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I am having a linked list of nodes modified(added and deleted) dynamically from a user space program. What are the chances that the allocation of nodes are always in user space?

Usual Linked list node,

struct node {
  int x;
  struct node *next;

I got this question since when I traverse through the list, the kernel sends a SIGSEGV signal to this user space process.Also I have done the NULL pointer check whenever I create a new node.

Also I know that the kernel sends SIGSEGV signal if the process tries accessing kernel memory.

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closed as not a real question by bmargulies, Jonathan Leffler, brian d foy, competent_tech, Graviton Jan 21 '13 at 4:48

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You're doing something wrong, otherwise you wouldn't be getting the SIGSEGV. –  cnicutar Sep 7 '12 at 11:06
Doesn't it mean that I am trying to access an address of kernel? –  sr01853 Sep 7 '12 at 11:08
Or something simply not mapped. –  cnicutar Sep 7 '12 at 11:09
Show us the code. –  cnicutar Sep 7 '12 at 11:13
@Sibi Because you can address any memory of a computer, or at least any memory inside the virtual memory range visible to the program. Try to run this program: *(int*)0 = 0; and you'll get the same error. As for why it is allocated, who knows, there is a lot of things in the RAM of a computer. Perhaps that is where your program itself is running, for example. –  Lundin Sep 7 '12 at 11:46

3 Answers 3

up vote 1 down vote accepted

What are the chances that the allocation of nodes are always in user space?

100% certain.

when I traverse through the list, the kernel sends a SIGSEGV signal

It means there is a bug in your program trying to access la-la-land.

Also I know that the kernel sends SIGSEGV signal if the process tries accessing kernel memory.

SIGSEGV is a POSIX standard signal sent when the program tries to access forbidden memory. So not necessarily just kernel memory, but rather any memory anywhere outside the space that your process has access to.

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Yes, all the allocation stays in user space. Kernel space is not directly visible from a user program. –  Basile Starynkevitch Sep 7 '12 at 12:10
@Lundin Thanks.Whatever address the process is trying to access, is it not going to in the range of 4 GB of virtual memory(say 32 bit) allocated for the process. And my understanding of virtual memory is that it is the combination of just kernel and process memory. –  sr01853 Sep 7 '12 at 13:02
@Sibi No, virtual memory is something laying on top of the physical memory addresses, preventing you from doing crazy things like overwriting the memory of other processes (such as the kernel processes) but also restricting direct access to physical hardware registers. I don't know much about Linux specifically, but the virtual memory mapping is typically even closer to the hardware than the OS itself: The CPU provides ways to map virtual memory segments by writing to CPU hardware registers at boot up. –  Lundin Sep 7 '12 at 13:44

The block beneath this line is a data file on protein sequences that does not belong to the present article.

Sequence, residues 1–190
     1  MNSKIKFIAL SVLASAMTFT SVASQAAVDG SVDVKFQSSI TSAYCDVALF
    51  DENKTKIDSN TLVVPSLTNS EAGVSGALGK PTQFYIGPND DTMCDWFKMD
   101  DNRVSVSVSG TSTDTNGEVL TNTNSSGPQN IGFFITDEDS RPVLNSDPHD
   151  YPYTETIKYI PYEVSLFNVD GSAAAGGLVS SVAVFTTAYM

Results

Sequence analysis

(So without being a x86/Linux/POSIX expert, I'm guessing SIGSEGV is really a hardware exception tossed deep down from the CPU memory mapping peripheral hardware, into the OS, which then adds some flavour on top of it and passes it on, in the form of a software signal. Maybe some x86 guru is willing to provide more detailed info of what is going on underneath the hood.) –  Lundin Sep 7 '12 at 13:50
@Lundin Thanks again. From this image whatever address in the range 0x00000000 to 0xFFFFFFFF , its corresponding code or data is either available in either memory or disk. At the maximum, it can cause a page fault in case the process is referring to some virtual address from the disk. My doubt is where is the forbidden memory coming from? –  sr01853 Sep 7 '12 at 14:00

SIGSEGV is a segmentation fault. What this means is that your program is trying to access memory in a region that is not inside of the programs allotted memory range, or segment. Segmentation was an ugly system that people used to have to deal with directly, but not so much anymore. What it means for you today is that your code is most likely deferencing either a null pointer or some un-initialized value.

What you should do is hook your debugger up to your program and see what address is causing the SIGSEGV to be thrown. As soon as you see it, it will most likely be 0x0, or some garbage value such as 0xDEADC0DE or something.

Probably you are not setting all the pointers in your nodes to 0x0. Do this inside the constructor and double check your addNode() removeNode() function to be sure you don't have dangling pointers hanging around.

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SIGSEGV has not much to do with the dreaded "x86 segmentation" of ages past; it's a signal that every UN*X OS, whether on x86 or any other architecture, will create for any attempt to access memory at an invalid address. Invalid address in this case means no MMU mapping exists, unlike the other possible case of a bad pointer where such a mapping exists but isn't accessible - that results in SIGBUS instead (try mmap'ing readonly and then writing to that mem). The "Segmentation Violation" name is merely historical coincidence. –  FrankH. Sep 7 '12 at 13:19
en.wikipedia.org/wiki/SIGSEGV –  Lundin Sep 7 '12 at 13:54

Do not forget to set next=NULL; in node constructor, or just after node creation. And yes, allocation is always done in user space

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